The statement’s biggest flaw is evading the core insight that has prompted calls to ban world leaders from Twitter: the platform doesn’t merely help facilitate the public conversation about what world leaders say; it changes the substance of what they say by virtue of its unique, deliberately designed user interface and features.
Under the status quo, those features nudge world-leader tweeters in the same direction as all other Twitter users: toward seamless engagement on the platform, rather than deep, thoughtful deliberation before a thought is expressed.
President Trump illustrates how the constraints of the platform change what a leader expresses.
Most execrably, he retweeted anti-Muslim propaganda videos from a far-right politician in Europe. If Trump was not on Twitter, it is unlikely that he would’ve found the video, uploaded it to White House servers, and posted it to the web, spreading its reach and associating it with the United States government. More typical is his pattern of publicly reacting in real time to whatever it is that the cable-news show Fox & Friends broadcasts on a given morning, a concerning feedback loop persuasively documented in Politico by Matthew Gertz.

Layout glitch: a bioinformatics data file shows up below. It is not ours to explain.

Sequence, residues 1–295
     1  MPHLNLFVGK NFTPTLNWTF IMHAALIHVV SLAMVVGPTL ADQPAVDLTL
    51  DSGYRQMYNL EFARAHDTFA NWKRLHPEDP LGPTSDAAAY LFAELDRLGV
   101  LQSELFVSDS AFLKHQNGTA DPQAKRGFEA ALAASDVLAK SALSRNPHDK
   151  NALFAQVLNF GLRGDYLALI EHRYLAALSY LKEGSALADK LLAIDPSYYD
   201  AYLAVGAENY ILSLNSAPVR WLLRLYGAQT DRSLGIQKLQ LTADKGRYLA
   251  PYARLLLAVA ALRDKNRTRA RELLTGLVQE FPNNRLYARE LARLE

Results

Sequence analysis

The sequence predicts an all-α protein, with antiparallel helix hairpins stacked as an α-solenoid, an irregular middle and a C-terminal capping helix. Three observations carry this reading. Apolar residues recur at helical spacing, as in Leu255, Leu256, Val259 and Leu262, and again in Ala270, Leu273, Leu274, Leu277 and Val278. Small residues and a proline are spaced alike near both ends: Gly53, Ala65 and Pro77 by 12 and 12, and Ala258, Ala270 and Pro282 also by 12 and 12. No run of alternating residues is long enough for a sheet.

Those forays into live-tweeting TV do not translate to other mediums. Trump would express fewer destructive thoughts if he always communicated through other platforms and mediums due partly to their intrinsic features; he won’t be the last world leader for whom that holds true. Does Twitter contest that many of his irresponsible statements were made on their platform, or that they probably wouldn’t have been expressed on a different one?
As for the rest of the company’s statement, that a Twitter ban would not silence world leaders is a point in favor of such a ban. It is necessary for world leaders including Trump to communicate with citizens, but a ban would not hamper necessary discussion around the words and actions of world leaders. If heads of state weren’t on Twitter, their words and actions would still be posted to the platform and debated endlessly by its users. If a president posted a video or podcast, countless people would embed it on Twitter; if a German chancellor released a written statement, it would surely be posted on the site.
What first communicating via those other means would demand is an extra degree of premeditation and deliberation. They are less vulnerable to impulsiveness, thoughtlessness, and needless conflict than is Twitter. They’re arguably less vulnerable to hacking, too.
And even if Twitter is determined to keep world leaders on its platform, even if its arguments for doing so are correct, that isn’t the end of its potential responsibility.
In the 1995 essay “The Technologist’s Responsibilities and Social Change,” Mark Weisler set forth two principles for inventing socially dangerous technology:
- Build it as safe as you can, and build into it all the safeguards to personal values that you can imagine.
- Tell the world at large that you are doing something dangerous.